Since her death in 1952, interest in Dr. Montessori’s methods has continued to spread throughout the world. Her message to those who emulated her was always to “follow the child.”

Education should no longer be mostly imparting knowledge, but must take a new path, seeking the release of human potentials.” –Dr. Maria Montessori

Learning Principles

At Greenspring Montessori School, your child’s education is based on the following Montessori principles:


“The greatest sign of success for a teacher…is to be able to say, ‘The children are now working as if I did not exist.” – Maria Montessori

The Montessori classroom is set up to facilitate hands-on learning, extended periods of concentration, and collaborative experiences. While students become deeply involved with their work, the guide may be working with one or two children at a time, presenting a new lesson, or quietly observing the class at work. Rather than depend on an adult for guidance or validation, Montessori children tackle difficult challenges and mentor one another. The Montessori materials themselves are designed to incorporate this concept of independence. Most of them include a built-in “control of error,” so that children are not dependent upon adults for answers. Instead, the children’s engagement with the materials enables self-learning.

Traditional education touts smaller class sizes as an advantage – but in the Montessori classroom, we focus on giving students a rich pool of peers to work with. This is because, as adults, our tendency is to interfere with children’s work.  Every unnecessary interruption erodes the child’s self-esteem and motivation. When children have the freedom to work independently, overcome challenges, and collaborate with peers, they learn self-reliance rather than dependence on authority figures.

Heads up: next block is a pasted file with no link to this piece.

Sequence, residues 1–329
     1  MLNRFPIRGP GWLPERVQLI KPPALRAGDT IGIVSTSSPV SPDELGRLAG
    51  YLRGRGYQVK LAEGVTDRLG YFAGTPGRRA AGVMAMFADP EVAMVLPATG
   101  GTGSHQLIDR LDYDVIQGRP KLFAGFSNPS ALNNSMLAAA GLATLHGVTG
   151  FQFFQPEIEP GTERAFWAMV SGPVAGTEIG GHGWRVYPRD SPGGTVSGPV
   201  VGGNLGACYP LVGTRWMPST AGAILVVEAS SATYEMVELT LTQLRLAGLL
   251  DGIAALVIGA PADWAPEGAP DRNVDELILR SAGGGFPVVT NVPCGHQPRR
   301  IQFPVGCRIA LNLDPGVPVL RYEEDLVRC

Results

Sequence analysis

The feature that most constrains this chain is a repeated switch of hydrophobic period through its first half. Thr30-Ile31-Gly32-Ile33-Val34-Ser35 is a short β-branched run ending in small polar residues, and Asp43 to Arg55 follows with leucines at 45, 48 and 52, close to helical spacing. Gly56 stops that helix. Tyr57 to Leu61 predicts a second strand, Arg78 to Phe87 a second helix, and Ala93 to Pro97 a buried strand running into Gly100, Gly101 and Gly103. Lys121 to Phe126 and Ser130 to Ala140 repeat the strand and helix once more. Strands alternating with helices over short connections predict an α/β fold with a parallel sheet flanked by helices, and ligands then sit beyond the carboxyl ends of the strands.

Freedom with Responsibility

“Only through freedom and environmental experience is it practically possible for human development to occur.” – Maria Montessori

Children in a Montessori classroom enjoy the freedom to pursue their interests, concentrate deeply without interruption, collaborate with peers, and move about the classroom. These experiences allow child to develop inner discipline, responsibility, and intrinsic motivation. The Montessori guide in the classroom observes carefully to allow each child as much independence as she can handle responsibly.


” Our aim is not merely to make the child understand, and still less to force him to memorize, but so to touch his imagination as to enthuse him to his innermost core. ” – Maria Montessori

Dr. Montessori observed that children are born with an innate curiosity and desire to learn. The Montessori method nurtures this natural instinct, rather than extinguishing it. The environment and activities within it facilitate independence by allowing children to pursue their interests. Children do not work to please an adult but because the work itself is satisfying. Montessori students are joyful, curious, lifelong learners.

Grace and Courtesy

“What is social life if not the solving of social problems, behaving properly and pursuing aims acceptable to all?”  – Maria Montessori